The problem here seems to be woopwoop taking this personally. Whilst I completely sympathise with how he feels, I have to agree with Brum's comments. It's just how big companies work, it isn't personal and nothing should ever be taken as personal.

    It's a difficult job to speak to the right people when you're dealing with a large company, never mind actually get hold of someone who has the real authority to make a decision. Manys a hopeful deal has been scuppered by some lower tier manager. I know woopwoop feels this has been a little unjust, but that experience will serve him very well the next time he has dealings with a corporation.
     
  17. Edwin

    Edwin Well-Known Member Exclusive Member

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    For a bit of context, this was relating to a FTSE100 company i.e. a company with £billions in turnover a year and many thousands of employees across many divisions in the UK and around the world. It's a company of the kind of size that I seriously doubt the people I dealt with had even heard of the people the original poster had been trying to dialogue with!

    The most disturbing part was - and remains - the original poster's repeated assertions to me by email (confirmed in his initial post to this thread) that he was still trying to pursue it with the old owners AFTER my transaction had concluded.

    That's just embarrassing! I arrange a professional deal with very senior people, and some unrelated third party then starts potentially hounding my counterpart in the deal about it, an action which can only backfire on ME (the third party has no stake as the deal's done and was never "theirs" to lose) as it could make the people I dealt with start to doubt my own professionalism.

    So I will say to the original poster publicly what I said to him by email in various ways at least 5 times: This deal is done. Finished. Above board. And none of your business. So let it go.
     
    Last edited: Apr 3, 2011
  18. retired_member27

    retired_member27 Retired Member

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    Totally agree with what Edwin say's.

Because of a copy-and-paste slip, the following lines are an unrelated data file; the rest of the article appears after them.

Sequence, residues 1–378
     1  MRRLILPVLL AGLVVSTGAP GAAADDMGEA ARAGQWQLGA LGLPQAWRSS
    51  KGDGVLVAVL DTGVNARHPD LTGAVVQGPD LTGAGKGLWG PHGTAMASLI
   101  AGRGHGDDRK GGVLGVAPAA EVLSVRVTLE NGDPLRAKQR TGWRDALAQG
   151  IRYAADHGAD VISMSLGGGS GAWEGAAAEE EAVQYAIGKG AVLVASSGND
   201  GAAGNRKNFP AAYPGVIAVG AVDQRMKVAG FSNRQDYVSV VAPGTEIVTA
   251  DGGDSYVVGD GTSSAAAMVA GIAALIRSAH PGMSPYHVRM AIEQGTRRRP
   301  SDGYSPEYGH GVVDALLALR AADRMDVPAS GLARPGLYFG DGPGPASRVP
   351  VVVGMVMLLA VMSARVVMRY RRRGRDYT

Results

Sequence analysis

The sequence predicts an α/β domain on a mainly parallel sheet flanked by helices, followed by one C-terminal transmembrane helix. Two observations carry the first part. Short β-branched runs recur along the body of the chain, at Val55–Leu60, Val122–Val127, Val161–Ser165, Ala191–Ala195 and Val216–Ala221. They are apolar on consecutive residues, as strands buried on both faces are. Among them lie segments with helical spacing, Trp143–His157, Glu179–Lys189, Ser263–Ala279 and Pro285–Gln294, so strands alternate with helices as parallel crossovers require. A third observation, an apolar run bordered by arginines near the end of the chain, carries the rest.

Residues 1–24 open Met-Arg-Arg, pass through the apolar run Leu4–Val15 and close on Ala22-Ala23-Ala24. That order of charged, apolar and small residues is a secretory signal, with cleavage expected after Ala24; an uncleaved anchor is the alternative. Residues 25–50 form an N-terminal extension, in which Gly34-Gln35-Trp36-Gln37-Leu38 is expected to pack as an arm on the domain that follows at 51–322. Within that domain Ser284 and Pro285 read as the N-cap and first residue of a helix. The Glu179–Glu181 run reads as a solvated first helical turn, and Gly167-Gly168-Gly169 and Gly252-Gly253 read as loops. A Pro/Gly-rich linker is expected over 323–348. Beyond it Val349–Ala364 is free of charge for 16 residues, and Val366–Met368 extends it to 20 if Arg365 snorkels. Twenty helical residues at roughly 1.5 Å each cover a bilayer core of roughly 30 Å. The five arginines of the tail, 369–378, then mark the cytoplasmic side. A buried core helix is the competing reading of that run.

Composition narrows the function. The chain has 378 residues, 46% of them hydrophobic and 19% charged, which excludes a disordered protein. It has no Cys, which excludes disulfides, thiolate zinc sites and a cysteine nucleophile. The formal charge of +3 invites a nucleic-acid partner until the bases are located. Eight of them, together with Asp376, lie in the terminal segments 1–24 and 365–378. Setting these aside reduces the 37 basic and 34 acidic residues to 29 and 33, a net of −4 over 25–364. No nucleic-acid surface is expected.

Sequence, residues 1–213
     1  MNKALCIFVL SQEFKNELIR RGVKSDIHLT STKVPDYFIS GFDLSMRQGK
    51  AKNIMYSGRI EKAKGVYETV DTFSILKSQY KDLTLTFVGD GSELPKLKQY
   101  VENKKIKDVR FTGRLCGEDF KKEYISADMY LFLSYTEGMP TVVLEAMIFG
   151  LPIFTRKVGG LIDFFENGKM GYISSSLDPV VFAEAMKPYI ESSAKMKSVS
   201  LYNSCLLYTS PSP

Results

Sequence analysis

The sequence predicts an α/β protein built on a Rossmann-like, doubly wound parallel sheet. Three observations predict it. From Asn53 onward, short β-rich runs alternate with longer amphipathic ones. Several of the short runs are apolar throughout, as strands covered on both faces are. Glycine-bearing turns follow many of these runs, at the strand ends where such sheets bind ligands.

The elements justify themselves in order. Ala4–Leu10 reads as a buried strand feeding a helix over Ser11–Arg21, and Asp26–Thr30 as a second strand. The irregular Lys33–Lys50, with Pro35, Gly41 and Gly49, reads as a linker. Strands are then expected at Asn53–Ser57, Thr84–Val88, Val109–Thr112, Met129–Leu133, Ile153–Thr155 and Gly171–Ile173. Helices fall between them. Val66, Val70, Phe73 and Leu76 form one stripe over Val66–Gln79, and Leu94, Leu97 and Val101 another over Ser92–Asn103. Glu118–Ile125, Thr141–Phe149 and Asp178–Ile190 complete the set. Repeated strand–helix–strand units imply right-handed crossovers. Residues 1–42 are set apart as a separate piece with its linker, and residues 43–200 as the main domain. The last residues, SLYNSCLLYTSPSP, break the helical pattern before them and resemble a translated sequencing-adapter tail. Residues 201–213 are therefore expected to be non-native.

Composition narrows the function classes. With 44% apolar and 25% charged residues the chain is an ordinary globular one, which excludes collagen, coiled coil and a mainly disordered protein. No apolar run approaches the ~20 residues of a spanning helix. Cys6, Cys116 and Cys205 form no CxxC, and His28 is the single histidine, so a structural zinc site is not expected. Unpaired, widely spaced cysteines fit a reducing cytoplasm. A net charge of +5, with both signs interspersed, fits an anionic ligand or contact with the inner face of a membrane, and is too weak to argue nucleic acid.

In my experience with buying domains from large companies, you should never speak to unknown employees first, always write a professional letter directly addressed to the finance director and always include lots of 0's in the offer price, if he's interested he will then put you in touch with the right person who will then make the deal happen.

    It would seem the OP was speaking continually to the wrong people, some you win some you loss, just forget it and move on.
     
  19. retired_member16

    retired_member16 Banned

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    I wouldnt agree with all of that. You dont have to pay four figures, heck you dont even need to pay three figures if you dont want to. Its knowing what to say to who and from whom.
     
    Last edited: Apr 3, 2011
  20. retired_member32

    retired_member32 Retired Member

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    If the domain was registered under a Company ,firstly was the Company under a CVL liquidation order Administration order(served) or bankruptcy,or struggling (companies house register) ,if so you could ask the LLP for a breakdown,when the company has served time it should be published on the companies house register (i think its a quid to download) and dont forget if the assets was not sold for market value then you could have it reversed (i have done this :D many times) if it is a simple company to company transfer then they could tell you to f**k off...because they don't have to tell you anything...
     
  21. woopwoop United States

    woopwoop Well-Known Member

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    Edwin - you can see why I may have questions after a long slog to try and get this name and the circumstances in which it traded hands (your comments in email and their comments do not match up - they said they let it expire and someone else re-registered it!)

    Maybe. But they had told me it expired and someone else re-registered it.

    Edwin - this thread is helping me let it go, thanks.

    But I have the right to contact the people at the company and say why did you tell me something that wasn't true? It wasn't expired and then re-registered - it was transferred. That's my right. You may feel it's embarrassing but I have a right to ask questions when the situation raises a lot of questions.

    You say that it's disturbing me contacting them after the deal - but what is disturbing is the fact that this is a PLC (which should be acting in the best interest of its shareholders), not giving all potential buyers of one of its assets a chance to make an offer (maybe bad communication within the business or incompetence).

    Maybe by me contacting them they can investigate why I was given the wrong information by the people I dealt with and not allowed the opportunity to make an offer.

    Who wants to move on from a losing situation without learning a lesson?